Many of Hofstra North Shore-LIJ School of Medicine’s inaugural students are spending the summer months conducting research projects, locally and overseas, that cover a wide range of health issues. Several students are partnering up with top research investigators from the Feinstein Institute for Medical Research and the North Shore-LIJ Health System, while others are traveling abroad to work on public health projects.
Students design iPhone App to measures lung function
Students Alan Gandler and Travis Doering, who will both be entering their second year of studies in September, are working on the development of an application for the iPhone that will assess a patient’s pulmonary function; much in the same manner a spirometer does in a doctor’s office. Once the application is downloaded onto a phone, a patient would simply blow into the speaker and get a measurement of their lung function. This function is measured in units called “Forced Expiratory Volume in one second (FEV1),” an important parameter for many pulmonary diseases.
“The ultimate goal will be for patients with pulmonary diseases such as COPD, Cystic Fibrosis, and asthma to be able to measure their own lung function by blowing into their iPhone,” said Gandler. “It is our hope that we will be able to empower patients to take better control of their health and accurately predict and prevent adverse outcomes.”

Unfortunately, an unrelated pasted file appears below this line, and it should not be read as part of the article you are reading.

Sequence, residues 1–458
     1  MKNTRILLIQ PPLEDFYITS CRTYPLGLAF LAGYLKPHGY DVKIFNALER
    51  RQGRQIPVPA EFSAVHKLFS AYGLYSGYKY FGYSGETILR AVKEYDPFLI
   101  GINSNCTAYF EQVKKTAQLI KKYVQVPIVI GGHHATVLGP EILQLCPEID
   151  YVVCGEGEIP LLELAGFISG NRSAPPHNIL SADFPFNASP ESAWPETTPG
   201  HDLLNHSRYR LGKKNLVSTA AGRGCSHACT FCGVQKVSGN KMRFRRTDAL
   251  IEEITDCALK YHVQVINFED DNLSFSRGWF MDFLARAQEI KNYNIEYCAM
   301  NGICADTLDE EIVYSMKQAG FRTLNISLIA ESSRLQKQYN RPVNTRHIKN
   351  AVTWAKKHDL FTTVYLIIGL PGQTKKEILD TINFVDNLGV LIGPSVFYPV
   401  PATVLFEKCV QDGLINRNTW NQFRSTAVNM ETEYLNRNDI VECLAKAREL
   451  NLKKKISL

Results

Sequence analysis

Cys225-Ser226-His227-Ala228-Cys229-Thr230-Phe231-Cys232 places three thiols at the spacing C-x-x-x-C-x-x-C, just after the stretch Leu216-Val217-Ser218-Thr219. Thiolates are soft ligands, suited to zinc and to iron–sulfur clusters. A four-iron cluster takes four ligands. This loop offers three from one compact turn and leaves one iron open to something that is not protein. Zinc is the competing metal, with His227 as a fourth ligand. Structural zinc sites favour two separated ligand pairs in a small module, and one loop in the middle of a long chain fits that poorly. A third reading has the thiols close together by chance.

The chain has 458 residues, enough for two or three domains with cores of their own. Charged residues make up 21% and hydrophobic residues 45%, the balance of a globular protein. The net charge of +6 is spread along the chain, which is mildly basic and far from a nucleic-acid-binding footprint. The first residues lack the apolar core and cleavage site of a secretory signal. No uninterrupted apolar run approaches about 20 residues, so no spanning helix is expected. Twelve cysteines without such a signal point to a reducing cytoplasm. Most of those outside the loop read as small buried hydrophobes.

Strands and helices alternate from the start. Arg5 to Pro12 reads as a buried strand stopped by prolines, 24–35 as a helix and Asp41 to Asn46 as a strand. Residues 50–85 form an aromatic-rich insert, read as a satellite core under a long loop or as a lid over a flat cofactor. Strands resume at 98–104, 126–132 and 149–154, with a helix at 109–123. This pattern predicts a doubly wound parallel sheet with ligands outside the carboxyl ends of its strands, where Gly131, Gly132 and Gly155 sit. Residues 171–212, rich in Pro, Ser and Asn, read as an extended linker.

Gandler and Doering are working on the project under the guidance of principal investigator Kevin Bock, MD, a critical care pediatrician at Cohen’s Children’s Medical Center.
“I have been very impressed with the innovative mind set of these students,” said Dr. Bock.
Cardiovascular Research at Feinstein
Asaph Levy is working alongside Kaie Ojamaa, PhD, Director of the Laboratory of Molecular Cardiovascular Research and Associate Investigator with the Center for Heart and Lung Research at the Feinstein Institute for Medical Research. Levy’s project involves inducing heart attacks in an experimental model in order to assess what a restrictive blood supply, also called ischemia, does to cardiac tissue and how to best treat it. The answers could help doctors in the future when treating human patients with heart attacks.
“I have found that training medical students in our research labs bring a fresh view to our studies, and their eagerness to question and oftentimes challenge our thinking reinvigorates our science,” said Dr. Ojamaa. “I think they motivate us all. In turn, their stint with research and discovering the “why and how” of disease adds a more critical and thoughtful dimension to their practice of medicine. We hope that asking scientific questions and seeking the answers become second nature, which will continue to motivate these aspiring physicians throughout their careers to find better ways to treat patients and cure disease.”
“Medicine is changing every day,” Levy said. “I’m just happy to be able to experience parts of its transformation.”
Studying Health Issues of Haitian workers in the Dominican Republic